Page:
Modern Market Apples and Patents
There are a few genetically modified and patented apples that have recently come onto the market. They are known as "Arctic" apples, and in addition to "Arctic Golden," "Arctic Granny", and "Arctic Fuji" which are now available for sale, other varieties are planned to be sold in the near future. Despite approval by the USDA which states these apples are safe to consume, we do not know the long term health effects or dangers of these or other GMO fruits and vegetables. These GMO's along with the conventionally hybridized but patented "Opal apple" are valued by marketers for their resistance to bruising and browning. Resistance to browning gives sellers more time to be able to profit from the fruits. These and many other popular supermarket varieties of apple have not been grown for their health benefits, nor for their good taste, but for qualities that improve marketability. The apples we see today are not the most flavorful, but have been selected instead for qualities like storing and traveling well, long shelf life, large well-formed, blemish-free fruits, quick growth, resistance to specific pests, and abundant harvests. Here is a link for an article providing more info about these modern varieties which are taking the market by storm.
Only a small handful of the many thousands of varieties of apples in existence are widely available today on the US market, and the heirloom varieties are quickly disappearing. The value of biodiversity is being underestimated in favor of profit yields by the big producers. This creates a great potential for disease to destroy food crops. These patented varieties pose an even bigger threat because they cannot be grafted and grown at home by the public, but only by specific farms that who hold the patent or pay the patent holder for growing rights. This discourages growing at homes and small farms and it discourages the allowance of natural genetic variations which have led in the past to many valuable and disease-resistant varieties. Today, though there are many Opal apples sold in markets throughout the US, there is only one 6,000 acre farm in America that holds the legal right to grow these apples. It is extremely important now that we work to save the heirloom varieties before they are lost forever.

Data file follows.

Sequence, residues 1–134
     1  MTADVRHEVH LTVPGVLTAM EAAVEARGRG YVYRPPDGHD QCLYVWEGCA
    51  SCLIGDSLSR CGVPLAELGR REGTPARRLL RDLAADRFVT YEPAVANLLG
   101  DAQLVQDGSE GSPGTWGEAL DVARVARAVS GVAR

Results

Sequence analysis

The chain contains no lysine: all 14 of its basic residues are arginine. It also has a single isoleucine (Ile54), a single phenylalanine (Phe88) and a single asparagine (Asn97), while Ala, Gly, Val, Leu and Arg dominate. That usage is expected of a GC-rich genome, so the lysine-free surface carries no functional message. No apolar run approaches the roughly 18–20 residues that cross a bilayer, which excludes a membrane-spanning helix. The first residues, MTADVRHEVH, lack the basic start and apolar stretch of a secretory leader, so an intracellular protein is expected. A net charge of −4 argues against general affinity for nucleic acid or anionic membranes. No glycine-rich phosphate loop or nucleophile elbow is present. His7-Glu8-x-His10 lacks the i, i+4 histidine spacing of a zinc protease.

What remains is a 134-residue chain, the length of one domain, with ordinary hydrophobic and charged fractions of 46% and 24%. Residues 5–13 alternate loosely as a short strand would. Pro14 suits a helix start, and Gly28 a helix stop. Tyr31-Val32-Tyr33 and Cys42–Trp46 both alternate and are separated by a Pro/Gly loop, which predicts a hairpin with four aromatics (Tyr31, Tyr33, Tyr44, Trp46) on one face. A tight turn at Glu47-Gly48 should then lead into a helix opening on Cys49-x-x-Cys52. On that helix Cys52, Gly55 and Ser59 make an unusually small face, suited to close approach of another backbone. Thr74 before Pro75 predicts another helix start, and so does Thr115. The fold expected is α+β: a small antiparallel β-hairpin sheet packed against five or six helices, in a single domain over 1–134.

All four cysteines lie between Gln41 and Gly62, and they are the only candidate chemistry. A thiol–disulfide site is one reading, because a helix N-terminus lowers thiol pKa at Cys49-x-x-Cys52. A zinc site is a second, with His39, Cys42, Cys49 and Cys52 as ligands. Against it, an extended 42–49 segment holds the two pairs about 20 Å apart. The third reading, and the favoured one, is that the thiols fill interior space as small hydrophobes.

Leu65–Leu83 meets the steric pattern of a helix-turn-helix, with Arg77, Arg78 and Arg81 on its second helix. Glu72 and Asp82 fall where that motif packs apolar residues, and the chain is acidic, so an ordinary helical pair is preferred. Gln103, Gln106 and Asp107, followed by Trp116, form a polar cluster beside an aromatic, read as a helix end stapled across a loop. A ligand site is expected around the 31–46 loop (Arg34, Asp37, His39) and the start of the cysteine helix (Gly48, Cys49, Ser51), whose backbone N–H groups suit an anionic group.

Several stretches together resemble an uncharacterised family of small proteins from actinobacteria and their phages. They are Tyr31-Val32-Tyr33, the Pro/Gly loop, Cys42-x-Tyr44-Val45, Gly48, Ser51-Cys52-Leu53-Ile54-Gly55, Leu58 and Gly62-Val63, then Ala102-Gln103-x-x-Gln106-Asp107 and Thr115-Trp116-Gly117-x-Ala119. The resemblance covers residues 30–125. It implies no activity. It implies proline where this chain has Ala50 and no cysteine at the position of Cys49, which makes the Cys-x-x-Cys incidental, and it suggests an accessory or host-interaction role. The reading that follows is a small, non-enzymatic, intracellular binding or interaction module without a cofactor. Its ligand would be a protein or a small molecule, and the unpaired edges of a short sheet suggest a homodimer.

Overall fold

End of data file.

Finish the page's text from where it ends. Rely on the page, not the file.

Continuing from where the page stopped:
Historic Apple Varieties
The historic apple varieties are not always the prettiest. They are often small, oddly-shaped, with blemishes, and russeting. But they have a wide range of flavors and uses which are lacking in the modern apple varieties. Many heirloom apples were prized in earlier times for specific uses; some for eating fresh, others for making pies and desserts, others for apple sauce, some for apple butter, and many for producing apple cider or cider vinegar. Some apples produced fruit very early in the season and others produced fruit late which could be stored throughout the winter to extend the harvest. They came in an array of colors ranging from almost white to nearly black; yellow, brown, red, orange, pink, and green. Their flavor ranged from cloyingly sweet to very tart, to bitter, astringent, spicy, fragrant, and pungent. A great example of a uniquely valuable apple would be the small unnamed variety we have been working to save from a friend's farmhouse in Bath County for the past few years. This apple has been prized for generations by the locals in the town of Hot Springs for its superlative qualities for making apple butter. The old tree is likely a chance seedling, and may be the only specimen in existence. The old tree is nearing the end of its life cycle and so we have been working to graft it to save its unique genetics for future generations.